Is there any more Australian sign of spring than wattle trees blossoming across the country, our national flower’s bright yellow blooms against the green of its leaves, the inspiration for our Australian colours of green and gold?
Acacia pycnantha, otherwise known as Golden Wattle, has earned its status as our national floral emblem: it symbolises May Gibbs’ Little Ragged Blossom; the green and gold garb of our cricket team; it signifies the golden sands of our beaches and the green of our gum trees.
This and many other reasons, is why Australia Day, our national celebration of who we are as a nation, should move from 26 January to 1 September – Wattle Day.
The first of September is the first day of Spring, marking a time of birth, fresh beginnings, and the start of barbecue weather. It would provide us with a day to celebrate what we really love about our beautiful country including the beaches, rivers, native flora and fauna.
227 years of suffering
January 26 marks the day in 1788 that Captain Arthur Phillip invaded the Eora Nation, landing in Sydney Harbour and claiming the lands of Indigenous peoples in the name of the British Empire. It marks the start of 227 years of suffering and loss, massacres of hundreds of thousands of people, and of the removal of tens of thousands of children from their mothers’ arms.
It is the height of insensitivity and hypocrisy to celebrate Australia’s nationhood on such a date, and Aboriginal and Torres Strait Islander peoples have voiced their protest to it since the 1880s.
Notable protests include the 1938 ‘Day of Mourning’ protest conference and march, the day the Aboriginal Tent Embassy started in Canberra in 1972, and the day 40,000 people marched in Sydney in protest to the ‘Let’s Celebrate ‘88’ bicentennial celebration. It was also the day in 1992 when the first resistance concert was organised in La Perouse, Sydney.
With a history like this and ongoing protest, the day can never unite us. Instead it will always remind us of the atrocities that happened and are continuing to happen to Aboriginal and Torres Strait Islander people.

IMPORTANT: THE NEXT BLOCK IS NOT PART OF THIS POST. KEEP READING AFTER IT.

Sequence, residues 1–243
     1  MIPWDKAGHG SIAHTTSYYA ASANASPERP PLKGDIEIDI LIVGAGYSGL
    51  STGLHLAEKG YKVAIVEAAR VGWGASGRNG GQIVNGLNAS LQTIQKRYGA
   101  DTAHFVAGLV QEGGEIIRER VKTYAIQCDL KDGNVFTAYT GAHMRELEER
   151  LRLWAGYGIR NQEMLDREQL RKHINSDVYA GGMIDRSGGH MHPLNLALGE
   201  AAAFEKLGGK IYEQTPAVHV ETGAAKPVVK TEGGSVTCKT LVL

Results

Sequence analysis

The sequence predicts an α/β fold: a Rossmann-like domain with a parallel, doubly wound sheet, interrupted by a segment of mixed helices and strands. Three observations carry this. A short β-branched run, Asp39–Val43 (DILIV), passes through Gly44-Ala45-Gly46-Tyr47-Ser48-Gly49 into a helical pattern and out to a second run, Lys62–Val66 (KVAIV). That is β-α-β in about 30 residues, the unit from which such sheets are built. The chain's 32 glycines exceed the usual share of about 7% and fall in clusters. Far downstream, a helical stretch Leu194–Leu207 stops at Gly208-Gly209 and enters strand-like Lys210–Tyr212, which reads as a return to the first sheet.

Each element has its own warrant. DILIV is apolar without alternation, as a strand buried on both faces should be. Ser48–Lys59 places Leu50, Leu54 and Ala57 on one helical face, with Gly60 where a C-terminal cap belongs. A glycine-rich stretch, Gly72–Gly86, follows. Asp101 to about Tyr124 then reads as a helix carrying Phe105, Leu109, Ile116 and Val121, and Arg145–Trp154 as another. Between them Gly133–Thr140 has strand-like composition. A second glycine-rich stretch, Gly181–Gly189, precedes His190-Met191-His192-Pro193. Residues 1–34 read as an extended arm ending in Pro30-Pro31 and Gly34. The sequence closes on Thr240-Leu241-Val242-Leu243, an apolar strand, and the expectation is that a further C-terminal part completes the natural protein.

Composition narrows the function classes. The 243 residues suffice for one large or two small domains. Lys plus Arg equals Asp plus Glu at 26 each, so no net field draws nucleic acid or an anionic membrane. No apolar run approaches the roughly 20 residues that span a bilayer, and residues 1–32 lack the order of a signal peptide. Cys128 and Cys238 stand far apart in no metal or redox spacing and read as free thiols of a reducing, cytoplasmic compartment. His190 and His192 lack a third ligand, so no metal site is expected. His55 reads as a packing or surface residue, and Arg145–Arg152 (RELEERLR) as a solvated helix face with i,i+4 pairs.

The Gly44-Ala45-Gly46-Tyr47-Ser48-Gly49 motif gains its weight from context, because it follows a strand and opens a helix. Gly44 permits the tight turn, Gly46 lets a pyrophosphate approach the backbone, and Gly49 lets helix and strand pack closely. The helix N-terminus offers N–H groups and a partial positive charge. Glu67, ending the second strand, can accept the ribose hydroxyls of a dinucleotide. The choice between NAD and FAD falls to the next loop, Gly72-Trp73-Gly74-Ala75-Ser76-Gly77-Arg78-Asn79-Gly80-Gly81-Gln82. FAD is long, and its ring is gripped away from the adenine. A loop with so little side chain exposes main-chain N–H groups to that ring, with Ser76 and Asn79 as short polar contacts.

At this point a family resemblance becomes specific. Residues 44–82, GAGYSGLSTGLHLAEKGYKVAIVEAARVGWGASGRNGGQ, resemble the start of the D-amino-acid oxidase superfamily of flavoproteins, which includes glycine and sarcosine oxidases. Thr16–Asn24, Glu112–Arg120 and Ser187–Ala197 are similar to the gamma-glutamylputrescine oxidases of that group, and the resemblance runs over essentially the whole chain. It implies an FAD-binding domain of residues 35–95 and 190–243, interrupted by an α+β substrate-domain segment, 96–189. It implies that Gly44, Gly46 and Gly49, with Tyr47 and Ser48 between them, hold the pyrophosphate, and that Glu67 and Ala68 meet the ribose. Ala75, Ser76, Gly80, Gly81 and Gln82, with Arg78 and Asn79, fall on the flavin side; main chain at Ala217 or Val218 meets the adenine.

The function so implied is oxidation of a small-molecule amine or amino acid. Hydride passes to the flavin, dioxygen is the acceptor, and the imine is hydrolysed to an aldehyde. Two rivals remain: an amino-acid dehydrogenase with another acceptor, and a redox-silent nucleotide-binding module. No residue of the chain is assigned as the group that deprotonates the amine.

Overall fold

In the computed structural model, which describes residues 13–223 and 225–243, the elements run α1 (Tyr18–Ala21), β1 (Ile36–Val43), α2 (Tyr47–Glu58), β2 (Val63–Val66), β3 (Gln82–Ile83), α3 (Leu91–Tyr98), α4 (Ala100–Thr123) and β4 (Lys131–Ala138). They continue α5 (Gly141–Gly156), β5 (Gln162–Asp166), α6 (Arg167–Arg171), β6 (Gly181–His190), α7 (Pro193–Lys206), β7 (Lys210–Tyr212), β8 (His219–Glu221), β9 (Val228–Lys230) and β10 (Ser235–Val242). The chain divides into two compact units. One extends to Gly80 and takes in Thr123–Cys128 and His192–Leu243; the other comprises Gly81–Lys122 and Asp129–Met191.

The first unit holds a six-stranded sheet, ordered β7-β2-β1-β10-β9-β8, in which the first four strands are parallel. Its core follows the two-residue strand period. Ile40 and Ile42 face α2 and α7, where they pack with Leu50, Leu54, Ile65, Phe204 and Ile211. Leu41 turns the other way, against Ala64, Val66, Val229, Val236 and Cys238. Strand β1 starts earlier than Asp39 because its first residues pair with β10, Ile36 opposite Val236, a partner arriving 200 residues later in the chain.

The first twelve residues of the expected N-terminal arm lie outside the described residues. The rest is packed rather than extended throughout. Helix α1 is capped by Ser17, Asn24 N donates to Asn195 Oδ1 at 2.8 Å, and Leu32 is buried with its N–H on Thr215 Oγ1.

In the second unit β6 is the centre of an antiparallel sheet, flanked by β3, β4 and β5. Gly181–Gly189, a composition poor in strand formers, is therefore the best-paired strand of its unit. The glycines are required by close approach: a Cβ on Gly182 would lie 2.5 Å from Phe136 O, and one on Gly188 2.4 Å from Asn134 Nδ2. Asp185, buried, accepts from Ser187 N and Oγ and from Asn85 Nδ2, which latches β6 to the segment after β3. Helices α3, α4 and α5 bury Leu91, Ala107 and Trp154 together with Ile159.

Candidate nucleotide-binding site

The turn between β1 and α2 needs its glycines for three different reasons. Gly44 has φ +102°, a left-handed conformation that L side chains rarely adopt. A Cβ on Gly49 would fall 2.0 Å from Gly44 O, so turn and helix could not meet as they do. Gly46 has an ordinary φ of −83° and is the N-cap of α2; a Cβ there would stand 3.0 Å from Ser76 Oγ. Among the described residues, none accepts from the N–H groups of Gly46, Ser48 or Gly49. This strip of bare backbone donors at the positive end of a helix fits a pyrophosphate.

Wattle Day, on the other hand, acknowledges the natural beauty of this land, which, like Aboriginal and Torres Strait Islander people, is ancient. This would be more sensitive to Indigenous peoples, and it would bring unity, in celebrating the natural beauty of our lands and waters.
Change the date
Changing the date of Australia Day is possible. We only have to look to the USA for inspiration, where the similarly insensitive ‘Columbus Day’ is no longer observed in Hawaii, South Dakota, Alaska and Oregon. South Dakota has actually changed the day to ‘Native American Day’ and the city of Berkeley in California, followed by a number of other cities, renamed it ‘Indigenous Peoples’ Day’.
The last time changing the date was discussed on a political level was in 2009 when Mick Dodson was named Australian of the Year. He used the opportunity to urge national debate on changing the date of Australia Day, saying that the use of January 26 as Australia Day alienates Aboriginal and Torres Strait Islander people.
At the time, even Kevin Rudd, who as Prime Minister had apologised to the stolen generations and signed the Declaration on the Rights of Indigenous Peoples, responded, “Let me say a simple, respectful, but straightforward ‘no’.”
Opposition Leader Malcolm Turnbull also would not enter into a conversation, saying “People have been arguing this for a long time. Mick Dodson is nowhere near the first that’s made that case. I think Australia Day, and I’m sure most Australians agree, is very appropriate today.”
I believe that, half a decade on, we as a nation have matured enough to take up the the conversation again.
National symbols matter, and it is time for us to celebrate as a nation in a way that unites rather than divides us, under the green and golden branches of the wattle tree.